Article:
As entrepreneurs, it’s ok to love the process and relish in the rise of success. However, never lose sight of the exit.

To learn more about Junction’s success stories, contact!

The Importance of Understanding Your Customers

More than ever before, to be successful in launching or growing a business, success rests on the ability to understand consumer behavior, their needs, wants and beliefs. Customer behavior is changing almost daily as technology, advancing its influence over how consumers make their buying decisions. Fully understanding these shifts in consumer behaviors and beliefs will help you unlock fresh insights to drive your business forward. The traditional marketing and sales approach to creating “target audiences” of creating a profile based on gender, age, demographic, and geographic data alone is an approach that will cripple your ability to reach target audiences in an effective way.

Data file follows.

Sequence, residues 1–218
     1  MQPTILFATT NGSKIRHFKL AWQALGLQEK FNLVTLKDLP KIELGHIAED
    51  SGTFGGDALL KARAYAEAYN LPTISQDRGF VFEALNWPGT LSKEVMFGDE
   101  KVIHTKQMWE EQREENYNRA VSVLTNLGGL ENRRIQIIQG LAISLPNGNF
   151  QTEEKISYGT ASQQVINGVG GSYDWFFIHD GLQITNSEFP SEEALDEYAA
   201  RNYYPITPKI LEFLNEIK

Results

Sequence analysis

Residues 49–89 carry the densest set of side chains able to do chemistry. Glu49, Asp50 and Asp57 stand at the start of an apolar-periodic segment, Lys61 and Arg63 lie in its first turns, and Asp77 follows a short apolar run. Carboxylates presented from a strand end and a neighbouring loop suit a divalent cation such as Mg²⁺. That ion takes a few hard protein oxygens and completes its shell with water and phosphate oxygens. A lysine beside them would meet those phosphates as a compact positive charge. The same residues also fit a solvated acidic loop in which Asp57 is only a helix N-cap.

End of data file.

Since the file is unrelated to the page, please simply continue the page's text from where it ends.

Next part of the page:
Personal factors such as individual interests and opinions are influenced by demographic data such as age, gender, culture, profession and background, but psychological factors like perceptions and attitudes can play an even more important role in a consumer’s ability to process and comprehend information. Extensive social media interactions and personal relationships with family and friends is an increasingly significant influencer on customers purchasing decisions. Identifying and understanding the most critical factors and influences that affect your target audiences’ buying decision is essential to making a successful connection. How does your customer consume information and what sources do they get it from?